You who think this was a shocking display of a near-weaponizable military rocket (North Korea! ZOMG!) are being ridiculous. It was just a big toy.

Carld
04-29-2009, 08:41 AM
The man in the video said it went about 4,000 feet high. I don't know where anyone gets the 40,000 ft from. At 40,000 ft it would have disapeared and not come down in the same spot it was launched from.

That was a neat project and I hope he had clearance from the airtraffic controllers. The FAA is starting to get real concerned about model airplanes and I would think they would be as concerned about rockets as well. We model airplane fliers are just hoping the FAA will continue to allow us to fly.

J Tiers
04-29-2009, 09:04 AM
Model, amateur, whatever....... completely meaningless.

If it went to 4k feet, it had the capability to travel over a mile horizontally, and was probably easily within range of the visible highway.

Guidance failures are hardly unknown.

Most of the weight may have been in fuel. But a weight of 150 lb, either free falling from 4k feet, or particularly impacting while still driven by its engines, is not what you want in an area such as a highway or residential spaces.

Now, as for the weapon capacity, of course that exists. It has to. I certainly haven't made a point of it, but I won't deny it.

And, I can pretty much guarantee that if that hits your house or vehicle, while still under power, you are not going to give a rip whether it is a defective katyusha or a rogue model rocket. it's still gonna potentially start a big fire. It's full of solid accelerant.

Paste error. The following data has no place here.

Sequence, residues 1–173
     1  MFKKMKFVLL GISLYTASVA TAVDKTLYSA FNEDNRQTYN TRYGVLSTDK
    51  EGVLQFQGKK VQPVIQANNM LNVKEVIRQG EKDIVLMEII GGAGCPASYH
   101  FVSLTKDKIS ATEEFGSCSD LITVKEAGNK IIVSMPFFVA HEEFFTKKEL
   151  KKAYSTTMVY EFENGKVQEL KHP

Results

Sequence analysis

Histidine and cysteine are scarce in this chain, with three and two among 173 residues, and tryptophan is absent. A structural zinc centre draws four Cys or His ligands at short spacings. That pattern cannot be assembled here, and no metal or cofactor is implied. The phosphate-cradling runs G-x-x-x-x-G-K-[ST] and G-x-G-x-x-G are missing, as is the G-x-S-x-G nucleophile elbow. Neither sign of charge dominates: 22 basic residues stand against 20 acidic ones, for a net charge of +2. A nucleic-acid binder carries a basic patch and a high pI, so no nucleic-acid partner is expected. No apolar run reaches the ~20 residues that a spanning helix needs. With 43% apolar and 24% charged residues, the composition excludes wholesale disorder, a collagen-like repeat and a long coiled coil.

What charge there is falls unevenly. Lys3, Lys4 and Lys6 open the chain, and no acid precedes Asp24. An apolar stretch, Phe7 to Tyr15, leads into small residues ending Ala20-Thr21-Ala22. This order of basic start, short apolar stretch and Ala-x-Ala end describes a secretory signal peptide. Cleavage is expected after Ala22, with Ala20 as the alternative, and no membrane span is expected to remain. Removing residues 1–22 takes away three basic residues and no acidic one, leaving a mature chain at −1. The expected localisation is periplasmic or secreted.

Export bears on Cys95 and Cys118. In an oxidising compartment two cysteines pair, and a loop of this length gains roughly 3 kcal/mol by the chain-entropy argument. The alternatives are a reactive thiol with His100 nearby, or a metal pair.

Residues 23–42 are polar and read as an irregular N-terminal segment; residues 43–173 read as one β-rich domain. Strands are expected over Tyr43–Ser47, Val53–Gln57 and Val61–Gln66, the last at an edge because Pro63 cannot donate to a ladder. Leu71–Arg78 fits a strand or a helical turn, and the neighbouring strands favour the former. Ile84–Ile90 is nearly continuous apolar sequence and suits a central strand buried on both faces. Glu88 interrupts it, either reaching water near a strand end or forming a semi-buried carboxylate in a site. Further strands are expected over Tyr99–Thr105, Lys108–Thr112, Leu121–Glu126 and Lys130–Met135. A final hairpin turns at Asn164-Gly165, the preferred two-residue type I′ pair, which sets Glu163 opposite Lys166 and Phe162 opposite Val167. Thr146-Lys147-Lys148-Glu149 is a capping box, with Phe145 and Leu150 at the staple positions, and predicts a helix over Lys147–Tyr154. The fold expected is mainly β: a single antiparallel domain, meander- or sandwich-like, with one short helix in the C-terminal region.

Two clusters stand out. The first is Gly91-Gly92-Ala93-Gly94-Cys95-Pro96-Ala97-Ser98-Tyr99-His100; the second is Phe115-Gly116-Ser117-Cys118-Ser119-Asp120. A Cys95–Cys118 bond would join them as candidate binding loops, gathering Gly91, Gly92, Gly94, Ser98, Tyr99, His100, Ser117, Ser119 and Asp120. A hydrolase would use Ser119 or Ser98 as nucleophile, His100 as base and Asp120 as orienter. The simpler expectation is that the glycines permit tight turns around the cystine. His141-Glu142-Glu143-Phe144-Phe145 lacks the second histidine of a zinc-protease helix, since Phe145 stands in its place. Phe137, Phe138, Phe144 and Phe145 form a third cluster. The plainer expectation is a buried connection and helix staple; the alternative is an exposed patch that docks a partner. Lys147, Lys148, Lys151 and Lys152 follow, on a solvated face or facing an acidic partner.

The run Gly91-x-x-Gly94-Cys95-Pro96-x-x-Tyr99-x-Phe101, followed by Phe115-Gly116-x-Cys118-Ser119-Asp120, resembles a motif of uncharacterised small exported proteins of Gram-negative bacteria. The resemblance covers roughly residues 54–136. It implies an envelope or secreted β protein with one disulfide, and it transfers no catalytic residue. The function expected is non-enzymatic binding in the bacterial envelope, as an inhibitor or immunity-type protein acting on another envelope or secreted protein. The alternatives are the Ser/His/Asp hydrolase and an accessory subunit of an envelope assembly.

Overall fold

radkins
04-29-2009, 11:03 AM
I doubt he went to a lot of trouble checking for liability issues otherwise he would never have placed that "Enter at your own risk" sign at the entrance to the site. Any lawyer with half a brain knows that a sign such as "enter at your own risk" or "beware of biting dog" makes you MORE liable instead of freeing you from responsibility. The courts do not look at a sign such as that as a fair warning but instead they look at it as proof that you are aware of a dangerous situation and are doing nothing to prevent harm to others, a warning is NOT good enough! Without a warning sign such as that, or beware of dog, etc, a person can at least argue they were not aware of a danger but a warning sign will be viewed in court simply as admission that the person knew of the danger ahead of time, it does NOT relive the person of his/her liability!

Circlip
04-29-2009, 11:18 AM
So a ring fence of more than two miles diameter??

A lot of years ago, we had a "Kid" who decided to do the model rocket thing and was going to launch it but the authorities got to know and stopped him. So as not to dampen his enthusiasm, the military allowed him to use one of their test launchers on a missile site.